# can we calculate velocity of a spinning apparatus by just analysing the frequency of sound emitted by it [closed]

I have used a new term spinning apparatus as I was unable to name it. I have tied a thread to a stone and was spinning it and I heard a sound something like that of a rotating propellor of a helicopter and then this idea stuck my mind

can i calculate it? if yes then how can any one suggest me something and also if any extra information any one needs regarding that apparatus feel free to comment

• Hi agha rehan abbas. Linking to private clouds, dropbox, etc, is for various reasons not acceptable on SE, cf. this meta post. – Qmechanic Oct 6 '19 at 10:49

If you frequency analyse the sound from your equipment then the fundamental frequency will the same as the rotational frequency. You could record the sound and use some software like Audacity to do the frequency analysis. This is exactly what alemi did in his reply to Can I compute the mass of a coin based on the sound of its fall?. Alternatively, and inevitably, there is an app for that.

• can you provide reference regarding how fundamental and rotational frequency are equal to each other – agha rehan abbas Jun 30 '14 at 12:25
• @agharehanabbas - after one rotation the system is back in the same state as it was after the last rotation. While the motion of the system may be complex, you expect that there is no periodicity in the motion that is slower than one revolution. And that is (almost) the definition of "fundamental frequency". Try it - you will find that it works. – Floris Jun 30 '14 at 13:04
• I'd have to experiment but I think the whole thing could be much more complicated. You also have to worry about what modes you're exciting on the motor casing! (though of course the driving one would dominate) Come to think of it, I'd love to see an animation of the frequency spectrum of an electric motor over various frequencies. – user12029 Jul 1 '14 at 0:29
• @NeuroFuzzy go ahead bro – agha rehan abbas Jul 1 '14 at 13:23
• @johnrennie would it be more complicated to analyse the tension in string or thread because by doing so we can actually lead to the calculation of mass of the body which is attached to the string – agha rehan abbas Jul 1 '14 at 13:26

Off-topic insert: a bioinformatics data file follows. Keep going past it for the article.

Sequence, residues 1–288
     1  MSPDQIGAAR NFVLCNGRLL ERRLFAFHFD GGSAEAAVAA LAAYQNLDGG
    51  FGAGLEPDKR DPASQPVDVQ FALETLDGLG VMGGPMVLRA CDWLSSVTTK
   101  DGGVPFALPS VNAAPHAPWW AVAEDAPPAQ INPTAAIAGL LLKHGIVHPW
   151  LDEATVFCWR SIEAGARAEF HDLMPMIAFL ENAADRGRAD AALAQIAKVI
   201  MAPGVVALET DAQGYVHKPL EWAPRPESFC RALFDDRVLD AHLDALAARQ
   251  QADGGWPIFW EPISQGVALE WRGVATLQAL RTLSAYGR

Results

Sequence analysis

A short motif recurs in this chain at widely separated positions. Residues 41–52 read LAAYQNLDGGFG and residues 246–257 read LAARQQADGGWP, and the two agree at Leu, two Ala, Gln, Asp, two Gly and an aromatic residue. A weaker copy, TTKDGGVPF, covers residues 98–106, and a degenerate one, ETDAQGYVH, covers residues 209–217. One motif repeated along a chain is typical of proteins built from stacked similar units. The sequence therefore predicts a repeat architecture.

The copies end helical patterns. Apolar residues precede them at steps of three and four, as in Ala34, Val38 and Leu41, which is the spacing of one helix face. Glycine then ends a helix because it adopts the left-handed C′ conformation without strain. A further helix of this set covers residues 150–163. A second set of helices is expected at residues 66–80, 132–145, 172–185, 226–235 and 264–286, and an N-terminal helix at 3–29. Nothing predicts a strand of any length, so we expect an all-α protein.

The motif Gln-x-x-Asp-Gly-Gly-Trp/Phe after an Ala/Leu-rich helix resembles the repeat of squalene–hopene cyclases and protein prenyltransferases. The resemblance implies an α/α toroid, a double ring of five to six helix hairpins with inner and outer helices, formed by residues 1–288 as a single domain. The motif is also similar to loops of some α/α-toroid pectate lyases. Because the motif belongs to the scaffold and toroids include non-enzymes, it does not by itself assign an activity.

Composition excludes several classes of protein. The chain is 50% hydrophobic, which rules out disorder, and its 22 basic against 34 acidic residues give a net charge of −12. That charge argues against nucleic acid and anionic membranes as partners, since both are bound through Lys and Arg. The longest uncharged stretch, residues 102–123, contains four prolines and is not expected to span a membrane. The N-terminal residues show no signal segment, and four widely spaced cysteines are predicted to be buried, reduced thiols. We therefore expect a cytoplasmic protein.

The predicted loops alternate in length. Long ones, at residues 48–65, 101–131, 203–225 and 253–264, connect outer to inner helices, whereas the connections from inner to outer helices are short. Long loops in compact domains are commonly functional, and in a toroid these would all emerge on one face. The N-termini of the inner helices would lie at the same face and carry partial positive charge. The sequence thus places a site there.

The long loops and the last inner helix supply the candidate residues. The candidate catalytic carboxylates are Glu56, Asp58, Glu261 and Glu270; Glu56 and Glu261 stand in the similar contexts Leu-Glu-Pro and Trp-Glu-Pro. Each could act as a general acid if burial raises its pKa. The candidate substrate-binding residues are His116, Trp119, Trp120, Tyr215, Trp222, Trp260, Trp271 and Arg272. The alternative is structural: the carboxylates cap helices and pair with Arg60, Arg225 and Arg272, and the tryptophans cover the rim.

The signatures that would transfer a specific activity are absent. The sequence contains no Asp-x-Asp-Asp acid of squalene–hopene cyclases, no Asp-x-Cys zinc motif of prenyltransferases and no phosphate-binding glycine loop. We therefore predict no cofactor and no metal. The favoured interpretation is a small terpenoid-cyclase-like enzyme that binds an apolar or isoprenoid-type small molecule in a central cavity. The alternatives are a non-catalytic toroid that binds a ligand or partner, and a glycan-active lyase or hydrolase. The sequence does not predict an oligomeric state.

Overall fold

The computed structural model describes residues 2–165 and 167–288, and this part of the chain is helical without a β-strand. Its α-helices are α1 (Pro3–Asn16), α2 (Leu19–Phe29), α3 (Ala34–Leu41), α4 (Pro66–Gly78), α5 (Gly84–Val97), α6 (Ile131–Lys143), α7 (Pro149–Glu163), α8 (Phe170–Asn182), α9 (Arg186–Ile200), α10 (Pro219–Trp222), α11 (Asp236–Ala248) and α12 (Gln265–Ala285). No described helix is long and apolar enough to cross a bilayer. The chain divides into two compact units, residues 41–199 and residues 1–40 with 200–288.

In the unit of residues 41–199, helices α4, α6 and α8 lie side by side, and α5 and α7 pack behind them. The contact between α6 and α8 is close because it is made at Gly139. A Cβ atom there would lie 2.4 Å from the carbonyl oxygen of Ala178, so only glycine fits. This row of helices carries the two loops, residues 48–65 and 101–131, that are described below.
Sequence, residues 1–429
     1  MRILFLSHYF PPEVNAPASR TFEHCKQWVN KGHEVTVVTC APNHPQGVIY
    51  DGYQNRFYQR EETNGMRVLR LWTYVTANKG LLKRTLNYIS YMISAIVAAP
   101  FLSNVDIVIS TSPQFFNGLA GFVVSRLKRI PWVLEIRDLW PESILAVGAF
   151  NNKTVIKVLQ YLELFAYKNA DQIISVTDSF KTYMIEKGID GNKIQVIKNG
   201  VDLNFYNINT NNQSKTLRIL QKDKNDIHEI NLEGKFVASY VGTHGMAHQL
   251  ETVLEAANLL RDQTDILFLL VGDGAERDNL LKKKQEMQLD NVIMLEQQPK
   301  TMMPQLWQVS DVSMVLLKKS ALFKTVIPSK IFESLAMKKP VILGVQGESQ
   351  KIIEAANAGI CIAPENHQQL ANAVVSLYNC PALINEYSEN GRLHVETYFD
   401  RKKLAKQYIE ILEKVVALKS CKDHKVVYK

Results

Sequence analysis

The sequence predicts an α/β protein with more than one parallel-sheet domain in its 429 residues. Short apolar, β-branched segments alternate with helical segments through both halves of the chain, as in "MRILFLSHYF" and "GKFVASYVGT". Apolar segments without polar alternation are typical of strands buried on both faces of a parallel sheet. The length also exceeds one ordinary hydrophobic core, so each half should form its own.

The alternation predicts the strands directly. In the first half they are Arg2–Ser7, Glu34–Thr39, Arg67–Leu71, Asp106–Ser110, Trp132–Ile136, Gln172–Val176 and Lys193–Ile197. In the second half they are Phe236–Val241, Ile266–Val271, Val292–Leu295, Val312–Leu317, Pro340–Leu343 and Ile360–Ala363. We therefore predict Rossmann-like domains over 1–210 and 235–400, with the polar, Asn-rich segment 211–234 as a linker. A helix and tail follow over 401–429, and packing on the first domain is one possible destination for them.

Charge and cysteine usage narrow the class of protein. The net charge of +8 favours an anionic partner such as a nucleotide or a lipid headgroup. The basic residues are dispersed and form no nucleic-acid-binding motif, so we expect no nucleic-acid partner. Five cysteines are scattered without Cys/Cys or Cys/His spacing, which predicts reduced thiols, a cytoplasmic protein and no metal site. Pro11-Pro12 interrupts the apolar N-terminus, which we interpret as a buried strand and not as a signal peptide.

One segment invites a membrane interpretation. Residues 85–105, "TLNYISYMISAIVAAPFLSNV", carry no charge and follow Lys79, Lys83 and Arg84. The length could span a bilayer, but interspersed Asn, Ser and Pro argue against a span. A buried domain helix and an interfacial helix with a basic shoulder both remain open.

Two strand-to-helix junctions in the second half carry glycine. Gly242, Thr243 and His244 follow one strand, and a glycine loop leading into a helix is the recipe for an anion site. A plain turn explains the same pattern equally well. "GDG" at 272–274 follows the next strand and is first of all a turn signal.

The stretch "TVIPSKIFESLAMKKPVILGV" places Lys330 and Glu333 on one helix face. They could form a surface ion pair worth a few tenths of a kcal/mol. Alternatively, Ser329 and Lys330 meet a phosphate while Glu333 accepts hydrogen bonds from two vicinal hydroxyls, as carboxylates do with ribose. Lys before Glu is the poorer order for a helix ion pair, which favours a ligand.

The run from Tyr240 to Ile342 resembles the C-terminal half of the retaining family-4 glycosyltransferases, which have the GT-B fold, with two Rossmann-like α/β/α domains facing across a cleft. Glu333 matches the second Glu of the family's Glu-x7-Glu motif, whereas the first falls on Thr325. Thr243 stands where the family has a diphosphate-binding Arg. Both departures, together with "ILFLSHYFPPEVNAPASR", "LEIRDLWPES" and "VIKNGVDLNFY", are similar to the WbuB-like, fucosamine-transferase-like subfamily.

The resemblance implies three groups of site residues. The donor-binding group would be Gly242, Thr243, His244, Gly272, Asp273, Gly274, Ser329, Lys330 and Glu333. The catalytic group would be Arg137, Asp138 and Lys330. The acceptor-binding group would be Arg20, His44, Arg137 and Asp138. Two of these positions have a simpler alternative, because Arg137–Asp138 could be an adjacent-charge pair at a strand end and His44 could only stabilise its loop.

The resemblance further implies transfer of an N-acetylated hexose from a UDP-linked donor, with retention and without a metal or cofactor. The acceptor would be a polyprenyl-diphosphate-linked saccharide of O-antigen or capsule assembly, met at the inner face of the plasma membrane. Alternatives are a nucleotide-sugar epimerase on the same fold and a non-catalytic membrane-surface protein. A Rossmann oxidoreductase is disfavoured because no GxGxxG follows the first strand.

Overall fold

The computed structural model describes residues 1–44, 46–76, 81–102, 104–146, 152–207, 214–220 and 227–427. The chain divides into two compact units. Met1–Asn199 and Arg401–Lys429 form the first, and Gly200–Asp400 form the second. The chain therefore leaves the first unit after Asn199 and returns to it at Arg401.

looking to the doppler effect: frequency equals (the speed of sound in what ever temperature air you are in: $c$)+(Velocity of you relative to the measured object: so if you are stationary this value is zero: $V(r)$)/(speed of sound in what ever temperature air you are in: $c$)+(Velocity of object relative to you $V(s)$: essentially the speed of the object you are measuring)=frequency: $f$

$f=(c+V(r))/(c+V(s))$; this rewrites to: $V(s)=(V(r)+c(1-f))/f$; if $V(r)=0$, then $V(s)=(c/f)-1$; resolving for f: $f=c/(V(s)+1)$

your $V(s)$ should equal: $(2πL_{rope})/(t_{2π})=V(s): (2πr)/t=V(s)$

Next comes the experimental set up. Your observer should be placed so that it forms a square with side lengths equaling the radius of your rope. This is so that when the object is coming directly towards the observer, and after π/2 interval of it's rotation is going directly away from you. With these two points of data we can extrapolate: $f=c/(c-V(s))$ when it is coming at you, and $f=c/(c-V(s))$ when going away from you. If this does not give the same V(s) after input of the observed frequency, then your object probably can't be solved for.

if you observe all the frequency over all time it should be semetric. Spendinding equal times in red/blue shift. Solve for the time when your object is at both points so you can know where to look in your data.

c in this: $c=331.4+.6(T°C)$

• Please consider typesetting your formulae in TeX, they are much easier to read that way. A basic tutorial is here. – ACuriousMind Jun 29 '14 at 20:28
• what does the observer mean according to your answer – agha rehan abbas Jun 29 '14 at 20:30
• that would be your detector. What ever instrument that is receiving the input. – Daniel Maksuta Jun 30 '14 at 23:42
• @DanielMaksuta I think you misread the question. The question is not like an emitter of sound attached to a carousel, but like a motor in a black box turning an axle. – user12029 Jul 1 '14 at 0:24